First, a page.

Harrison Abbott chats with VFX supervisor Shawn Hillier…
A costly collab between HBO, BBC Studios, New Line Cinema, and Bad Wolf: His Dark Materials has a lot of resources propping it up. So, as you would expect, the production value on this Philip Pullman adaptation is absolutely top-notch – boasting ornate sets, lavish costume-design and an utterly star-studded cast.
One aspect that has been singled out by all reviewers however, is the cinema-standard CGI. Indeed, many have noted that the effects on display here are on a par with contemporary blockbusters and that it serves as a testament to just how far TV has come in the last few years.
To give us a behind-the-scenes look on this aspect of the show, Framestore kindly gave us an exclusive interview with supervisor Shawn Hiller (Star Trek, Pacific Rim, Jurassic World). Among other things, we discussed the evolution of CGI in episodic storytelling, how to create believable set-extensions and, Framestore’s signature specialty: creature animation.
Our discussion is only based on the first couple of episodes, so it’s pretty light on spoilers. Enjoy!
To kick things off, would you be able to talk about your journey through the VFX industry and how you made it into your current position?
I started off doing commercials and music videos back in the early 90s, over at some smaller studios, before getting a call to work at ILM on Star Wars. I ended up staying there for about 15 years, working on many features including Pirates of the Caribbean, Harry Potter, Star Trek, Transformers and Jurassic World. When I was chatting with Framestore about working on His Dark Materials, I was immediately excited about the possibility of what we could do with the visual effects technology available today. Especially in an episodic format.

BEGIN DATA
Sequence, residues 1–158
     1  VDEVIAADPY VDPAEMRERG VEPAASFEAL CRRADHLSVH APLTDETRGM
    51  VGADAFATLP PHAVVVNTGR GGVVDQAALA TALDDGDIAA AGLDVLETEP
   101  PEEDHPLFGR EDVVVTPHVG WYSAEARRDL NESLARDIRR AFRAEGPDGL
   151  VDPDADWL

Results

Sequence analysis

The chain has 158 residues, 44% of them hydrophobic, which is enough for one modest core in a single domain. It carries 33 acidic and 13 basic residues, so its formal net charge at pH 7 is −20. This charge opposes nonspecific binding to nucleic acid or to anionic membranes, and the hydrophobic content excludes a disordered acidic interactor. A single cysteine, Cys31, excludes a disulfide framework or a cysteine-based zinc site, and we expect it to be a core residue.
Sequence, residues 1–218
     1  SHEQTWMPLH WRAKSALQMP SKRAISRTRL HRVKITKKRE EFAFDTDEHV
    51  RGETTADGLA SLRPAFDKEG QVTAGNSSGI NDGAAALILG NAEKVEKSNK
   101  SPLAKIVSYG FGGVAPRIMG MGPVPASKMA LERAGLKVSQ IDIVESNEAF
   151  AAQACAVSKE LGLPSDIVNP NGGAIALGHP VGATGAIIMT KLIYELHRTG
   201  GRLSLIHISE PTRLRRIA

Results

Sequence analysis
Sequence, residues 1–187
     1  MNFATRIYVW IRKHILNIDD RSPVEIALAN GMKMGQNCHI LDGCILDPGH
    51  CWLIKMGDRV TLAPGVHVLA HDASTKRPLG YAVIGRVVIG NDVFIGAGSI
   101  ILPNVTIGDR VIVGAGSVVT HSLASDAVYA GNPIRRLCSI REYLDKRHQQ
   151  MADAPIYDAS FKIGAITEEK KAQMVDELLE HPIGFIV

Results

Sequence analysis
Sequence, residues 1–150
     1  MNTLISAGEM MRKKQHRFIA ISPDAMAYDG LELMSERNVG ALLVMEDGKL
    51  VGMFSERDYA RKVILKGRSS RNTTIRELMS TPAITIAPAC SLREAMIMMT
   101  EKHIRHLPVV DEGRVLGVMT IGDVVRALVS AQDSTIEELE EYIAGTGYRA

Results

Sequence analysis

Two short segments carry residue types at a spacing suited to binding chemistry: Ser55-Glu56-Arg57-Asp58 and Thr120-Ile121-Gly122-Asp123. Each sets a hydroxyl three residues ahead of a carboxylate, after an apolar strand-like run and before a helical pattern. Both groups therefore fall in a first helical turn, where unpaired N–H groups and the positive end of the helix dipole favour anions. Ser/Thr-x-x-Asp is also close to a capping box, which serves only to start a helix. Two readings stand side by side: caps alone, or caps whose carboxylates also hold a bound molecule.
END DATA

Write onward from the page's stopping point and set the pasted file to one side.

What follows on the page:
Not that long ago, it was generally accepted that the standard for TV effects was automatically lower than that of their movie counterparts, due to budgetary and time constraints. But increasingly – with blockbuster shows like Game of Thrones and now His Dark Materials – we’re seeing those perceptions challenged. From your perspective as a supervisor, do you have any thoughts on how television VFX has evolved? Are you seeing more work crop up in this arena?
Absolutely. It has really evolved over the past few years. The turnaround time in TV is generally quicker than it is for a feature and so quality [used to] suffer a bit. However, with advancements in technology, it is now possible to produce much better […] visual effects at a faster pace.
And are there any big differences in terms of working on those two mediums? Or do you approach them in the same way?
For features, it is quite common to have artists that are focused on a specific task or discipline, whereas on TV you will frequently find them wearing many hats. Due to the scale of this particular show, and the type of shots [involved] in each sequence, we primarily relied on the feature style pipeline. And most of the team came from features anyway.
However, at Framestore there are many artists that are able to do multiple tasks and because of the turnaround time on this show, flexibility was given to work a bit outside the box. There were a few generalists on the show.
It struck me that Framestore is the only VFX vendor attached to His Dark Materials. Am I right in thinking that’s quite unusual? What is the typical arrangement for a project of this scale?